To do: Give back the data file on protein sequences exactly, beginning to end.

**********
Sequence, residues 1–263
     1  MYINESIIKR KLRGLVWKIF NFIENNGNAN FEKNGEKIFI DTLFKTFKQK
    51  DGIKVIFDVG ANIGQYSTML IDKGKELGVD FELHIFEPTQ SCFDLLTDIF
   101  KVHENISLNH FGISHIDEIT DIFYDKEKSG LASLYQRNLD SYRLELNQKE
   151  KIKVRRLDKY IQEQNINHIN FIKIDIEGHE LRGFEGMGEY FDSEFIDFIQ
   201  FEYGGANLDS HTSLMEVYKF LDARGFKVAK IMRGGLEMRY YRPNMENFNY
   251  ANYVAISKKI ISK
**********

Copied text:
Sequence, residues 1–263
     1  MYINESIIKR KLRGLVWKIF NFIENNGNAN FEKNGEKIFI DTLFKTFKQK
    51  DGIKVIFDVG ANIGQYSTML IDKGKELGVD FELHIFEPTQ SCFDLLTDIF
   101  KVHENISLNH FGISHIDEIT DIFYDKEKSG LASLYQRNLD SYRLELNQKE
   151  KIKVRRLDKY IQEQNINHIN FIKIDIEGHE LRGFEGMGEY FDSEFIDFIQ
   201  FEYGGANLDS HTSLMEVYKF LDARGFKVAK IMRGGLEMRY YRPNMENFNY
   251  ANYVAISKKI ISK